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Neurologic and Radiographic Findings Associated With COVID-19 Infection in Children

Abdel-Mannan, O; Eyre, M; Löbel, U; Bamford, A; Eltze, C; Hameed, B; Hemingway, C; (2020) Neurologic and Radiographic Findings Associated With COVID-19 Infection in Children. JAMA Neurology , 77 (11) pp. 1440-1445. 10.1001/jamaneurol.2020.2687.

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Abstract

Importance: Neurological manifestations have been reported in adults with coronavirus disease 2019 (COVID-19), which is caused by the highly pathogenic virus severe acute respiratory syndrome coronavirus 2 (SARS-CoV-2). Objective: To report the neurological manifestations of children with COVID-19. Design, Setting, and Participants: In this case-series study, patients younger than 18 years who presented with SARS-CoV-2 infection and neurological symptoms to Great Ormond Street Hospital for Children (London, UK) between March 1, 2020, and May 8, 2020, were included after infection was confirmed by either a quantitative reverse transcription-polymerase chain reaction assay by nasopharyngeal swab or a positive test result for IgG antibodies against SARS-CoV-2 in serum. Main Outcomes and Measures: Clinical and paraclinical features were retrieved from electronic patient records. Results: Of the 27 children with COVID-19 pediatric multisystem inflammatory syndrome, 4 patients (14.8%) who were previously healthy had new-onset neurological symptoms. Symptoms included encephalopathy, headaches, brainstem and cerebellar signs, muscle weakness, and reduced reflexes. All 4 patients required intensive care unit admission for the treatment of COVID-19 pediatric multisystem inflammatory syndrome. Splenium signal changes were seen in all 4 patients on magnetic resonance imaging of the brain. In the 2 patients whose cerebrospinal fluid was tested, samples were acellular, with no evidence of infection on polymerase chain reaction or culture (including negative SARS-CoV-2 polymerase chain reaction results) and negative oligoclonal band test results. In all 3 patients who underwent electroencephalography, a mild excess of slow activity was found. Tests for N-methyl-d-aspartate receptor, myelin oligodendrocyte glycoprotein, and aquaporin-4 autoantibodies had negative results in all patients. In all 3 patients who underwent nerve conduction studies and electromyography, mild myopathic and neuropathic changes were seen. Neurological improvement was seen in all patients, with 2 making a complete recovery by the end of the study. Conclusions and Relevance: In this case-series study, children with COVID-19 presented with new neurological symptoms involving both the central and peripheral nervous systems and splenial changes on imaging, in the absence of respiratory symptoms. Additional research is needed to assess the association of neurological symptoms with immune-mediated changes among children with COVID-19.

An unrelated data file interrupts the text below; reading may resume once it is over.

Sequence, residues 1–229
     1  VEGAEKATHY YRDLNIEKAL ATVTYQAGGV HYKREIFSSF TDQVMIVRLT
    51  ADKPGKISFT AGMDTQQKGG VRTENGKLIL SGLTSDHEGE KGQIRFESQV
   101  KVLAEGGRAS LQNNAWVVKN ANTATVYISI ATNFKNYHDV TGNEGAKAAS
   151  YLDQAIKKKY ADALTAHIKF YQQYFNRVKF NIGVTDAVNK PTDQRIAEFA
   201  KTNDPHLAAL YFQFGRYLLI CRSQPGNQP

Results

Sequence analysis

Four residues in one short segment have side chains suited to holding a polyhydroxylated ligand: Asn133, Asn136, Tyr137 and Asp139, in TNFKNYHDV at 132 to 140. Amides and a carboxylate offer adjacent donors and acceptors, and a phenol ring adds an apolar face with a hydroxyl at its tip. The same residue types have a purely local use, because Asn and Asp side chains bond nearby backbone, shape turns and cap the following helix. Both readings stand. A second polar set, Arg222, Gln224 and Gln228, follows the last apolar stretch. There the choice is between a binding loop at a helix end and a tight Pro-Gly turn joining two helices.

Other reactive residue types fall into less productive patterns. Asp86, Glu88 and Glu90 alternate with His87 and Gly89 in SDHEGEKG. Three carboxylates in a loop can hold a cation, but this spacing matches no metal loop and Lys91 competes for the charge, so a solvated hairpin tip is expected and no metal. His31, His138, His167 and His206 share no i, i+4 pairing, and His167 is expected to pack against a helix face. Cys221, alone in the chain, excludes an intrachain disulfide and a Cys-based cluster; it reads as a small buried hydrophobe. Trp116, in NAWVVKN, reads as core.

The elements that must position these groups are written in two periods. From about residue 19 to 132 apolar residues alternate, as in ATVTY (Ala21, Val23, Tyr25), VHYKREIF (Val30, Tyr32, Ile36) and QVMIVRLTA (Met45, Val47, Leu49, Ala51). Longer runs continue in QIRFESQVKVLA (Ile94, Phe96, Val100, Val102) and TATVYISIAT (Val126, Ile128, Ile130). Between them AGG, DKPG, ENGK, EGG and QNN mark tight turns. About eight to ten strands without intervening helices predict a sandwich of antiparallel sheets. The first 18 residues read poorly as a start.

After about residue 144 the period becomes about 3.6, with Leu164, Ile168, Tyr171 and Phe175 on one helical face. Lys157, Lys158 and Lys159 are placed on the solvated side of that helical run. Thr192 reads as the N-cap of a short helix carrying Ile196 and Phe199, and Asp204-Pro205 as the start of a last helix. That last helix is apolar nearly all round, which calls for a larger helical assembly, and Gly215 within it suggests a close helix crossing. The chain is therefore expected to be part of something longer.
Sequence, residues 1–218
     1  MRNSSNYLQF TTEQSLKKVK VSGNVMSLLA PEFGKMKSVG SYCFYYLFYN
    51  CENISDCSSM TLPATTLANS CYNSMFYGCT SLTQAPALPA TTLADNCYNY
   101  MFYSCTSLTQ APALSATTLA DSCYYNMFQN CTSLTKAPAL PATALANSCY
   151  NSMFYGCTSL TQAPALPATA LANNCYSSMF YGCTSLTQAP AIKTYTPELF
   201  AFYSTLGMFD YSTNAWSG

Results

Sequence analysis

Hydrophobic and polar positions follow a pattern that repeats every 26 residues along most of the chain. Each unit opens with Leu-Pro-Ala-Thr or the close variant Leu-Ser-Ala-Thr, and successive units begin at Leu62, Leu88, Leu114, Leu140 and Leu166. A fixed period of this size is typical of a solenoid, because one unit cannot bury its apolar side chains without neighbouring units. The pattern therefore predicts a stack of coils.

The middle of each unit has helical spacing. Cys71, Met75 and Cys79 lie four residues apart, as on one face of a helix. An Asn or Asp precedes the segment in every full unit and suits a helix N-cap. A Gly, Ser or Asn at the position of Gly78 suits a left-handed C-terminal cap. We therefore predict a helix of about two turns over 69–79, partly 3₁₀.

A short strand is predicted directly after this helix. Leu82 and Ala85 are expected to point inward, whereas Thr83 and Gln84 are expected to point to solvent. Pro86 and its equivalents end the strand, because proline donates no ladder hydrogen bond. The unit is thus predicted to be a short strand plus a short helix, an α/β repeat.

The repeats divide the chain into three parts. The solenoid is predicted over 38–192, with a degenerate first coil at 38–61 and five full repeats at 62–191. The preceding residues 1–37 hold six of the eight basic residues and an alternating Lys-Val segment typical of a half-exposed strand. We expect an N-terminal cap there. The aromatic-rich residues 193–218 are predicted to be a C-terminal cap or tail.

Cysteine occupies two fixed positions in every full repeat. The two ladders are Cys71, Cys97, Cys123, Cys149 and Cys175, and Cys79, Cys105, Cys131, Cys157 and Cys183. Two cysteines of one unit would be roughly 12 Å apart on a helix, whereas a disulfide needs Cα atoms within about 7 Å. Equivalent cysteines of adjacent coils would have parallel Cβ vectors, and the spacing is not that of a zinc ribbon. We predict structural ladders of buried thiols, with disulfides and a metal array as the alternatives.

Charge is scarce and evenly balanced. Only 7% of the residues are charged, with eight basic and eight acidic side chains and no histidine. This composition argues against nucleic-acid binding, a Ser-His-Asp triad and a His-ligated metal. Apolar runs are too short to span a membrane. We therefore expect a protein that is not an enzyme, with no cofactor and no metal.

Type: Article
Title: Neurologic and Radiographic Findings Associated With COVID-19 Infection in Children
Location: United States
DOI: 10.1001/jamaneurol.2020.2687
Publisher version: https://doi.org/10.1001/jamaneurol.2020.2687
Language: English
Additional information: This version is the author accepted manuscript. For information on re-use, please refer to the publisher’s terms and conditions.
UCL classification: UCL
UCL > Provost and Vice Provost Offices > School of Life and Medical Sciences
UCL > Provost and Vice Provost Offices > School of Life and Medical Sciences > Faculty of Brain Sciences
UCL > Provost and Vice Provost Offices > School of Life and Medical Sciences > Faculty of Brain Sciences > UCL Queen Square Institute of Neurology
UCL > Provost and Vice Provost Offices > School of Life and Medical Sciences > Faculty of Brain Sciences > UCL Queen Square Institute of Neurology > Neuroinflammation
UCL > Provost and Vice Provost Offices > School of Life and Medical Sciences > Faculty of Population Health Sciences > UCL GOS Institute of Child Health
UCL > Provost and Vice Provost Offices > School of Life and Medical Sciences > Faculty of Population Health Sciences > UCL GOS Institute of Child Health > Infection, Immunity and Inflammation Dept
URI: https://discovery.ucl.ac.uk/id/eprint/10108631
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